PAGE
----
A way of keeping more control over your documents is to have open and transparent use of them on the management company’s end as well. In our firm, we hook in our clients to the Dropbox could services that we use to file away all of your electronic documents. If the Boards wish to have access to the reports, contracts, minutes, financial statements, proposals and more, they can have it freely and openly. They’ll also get an alert when we add information to their Dropbox, so they can always have a front-seat view of how we’re managing their property and what is happening.
Did You Miss That New City / State Filing? If So, It Could Cost You More Than The Management Fee. We all know that laws are changing — all on the city, state and federal level. There are quarterly, yearly and less often filings that are required. It seems like there’s an amendment to these rules and regulations each month. In a self-managed building, tracking all of these changes may become an issue if there isn’t someone who is on top of everything.
Here’s an example — we took over management of a building that was operating their boiler on oil. In New York State, each building that has an oil tank in operation has to file a Bulk Petroleum Storage Certificate every five years with DEC. In this case, the building failed to and once we got on the scene, we noticed that they had an outstanding violation and fine for not having a valid permit for two cycles of the filing. The charge was $20,000+ for missing a purely administrative filing and small fee that should have gone out. Professional property management companies have these and all other filings on their watch-list, and we’re keeping track of all changes, monthly, to ensure that this happens. This particular building blew through all of their “savings” by self-managing. Try explaining that one to the Shareholders.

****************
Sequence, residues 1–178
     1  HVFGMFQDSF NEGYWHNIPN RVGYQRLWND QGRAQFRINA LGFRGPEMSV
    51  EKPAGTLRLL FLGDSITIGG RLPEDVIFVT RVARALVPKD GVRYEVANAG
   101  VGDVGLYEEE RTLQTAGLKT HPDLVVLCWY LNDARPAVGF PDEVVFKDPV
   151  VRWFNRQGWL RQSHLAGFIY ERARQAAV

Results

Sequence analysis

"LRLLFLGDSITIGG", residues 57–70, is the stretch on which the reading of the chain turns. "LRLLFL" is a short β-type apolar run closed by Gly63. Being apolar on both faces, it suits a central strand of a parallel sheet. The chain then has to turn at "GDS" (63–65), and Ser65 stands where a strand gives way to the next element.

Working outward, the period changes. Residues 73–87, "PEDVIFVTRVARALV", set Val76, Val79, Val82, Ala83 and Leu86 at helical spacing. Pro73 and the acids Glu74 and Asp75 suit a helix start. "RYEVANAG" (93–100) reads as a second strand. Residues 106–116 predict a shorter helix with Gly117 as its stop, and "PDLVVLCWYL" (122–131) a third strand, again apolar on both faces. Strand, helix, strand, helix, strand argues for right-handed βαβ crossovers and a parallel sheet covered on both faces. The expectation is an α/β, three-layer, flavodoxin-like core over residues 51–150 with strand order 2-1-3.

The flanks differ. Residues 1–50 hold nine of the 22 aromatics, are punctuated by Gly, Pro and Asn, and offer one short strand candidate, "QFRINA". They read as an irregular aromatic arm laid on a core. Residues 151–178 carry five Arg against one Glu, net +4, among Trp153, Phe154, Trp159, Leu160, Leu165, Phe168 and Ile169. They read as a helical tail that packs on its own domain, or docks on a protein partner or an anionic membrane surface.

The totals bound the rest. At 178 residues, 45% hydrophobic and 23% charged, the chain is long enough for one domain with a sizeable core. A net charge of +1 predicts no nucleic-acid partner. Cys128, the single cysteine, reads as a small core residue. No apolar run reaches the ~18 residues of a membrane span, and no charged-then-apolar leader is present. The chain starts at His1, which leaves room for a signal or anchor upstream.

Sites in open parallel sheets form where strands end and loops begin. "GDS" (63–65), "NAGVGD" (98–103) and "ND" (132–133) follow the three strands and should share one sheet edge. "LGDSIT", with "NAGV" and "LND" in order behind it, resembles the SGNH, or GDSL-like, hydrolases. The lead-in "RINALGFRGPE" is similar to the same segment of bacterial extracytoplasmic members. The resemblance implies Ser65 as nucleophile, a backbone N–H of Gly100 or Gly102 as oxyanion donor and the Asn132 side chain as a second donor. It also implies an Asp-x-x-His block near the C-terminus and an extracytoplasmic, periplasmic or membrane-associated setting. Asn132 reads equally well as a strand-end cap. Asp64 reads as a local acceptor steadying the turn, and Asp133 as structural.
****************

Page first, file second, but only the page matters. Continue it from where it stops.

Understand That Culture Of Meetings May Change. This example also comes from personal experience. When I took over a self-managed building in New York City’s Village area, they were used to having meetings whenever they felt like it — and of course they did, they all live in the building. In the first six weeks of our management, they called six Board meetings. Being that the contract called for one Board meeting per month, we had to adjust the expectations of the Board and also advise them that we don’t need to meet for each little item that comes up. The Board is the boss at the end of the day. Once they make a decision, it’s on management to carry through and implement that directive. We can do most of the legwork via email and telephone in between monthly meetings and by doing so, this will cut down on meeting times and allow for a more streamlined process, in general. This goes up to the top point as well — we can save you time.
Is self management for everyone? No. Just like hiring a professional company, you have to weigh the positives and negatives of each expense and see if in the end, it will work for you. There’s a benefit to each type of management set-up. Of course, as we went through above, personal time saved, leverage of portfolio, tracking of laws and more through using a professional management company can pay off in bigger dividends for the Board and can leave you with more time to enjoy the non-building world around you.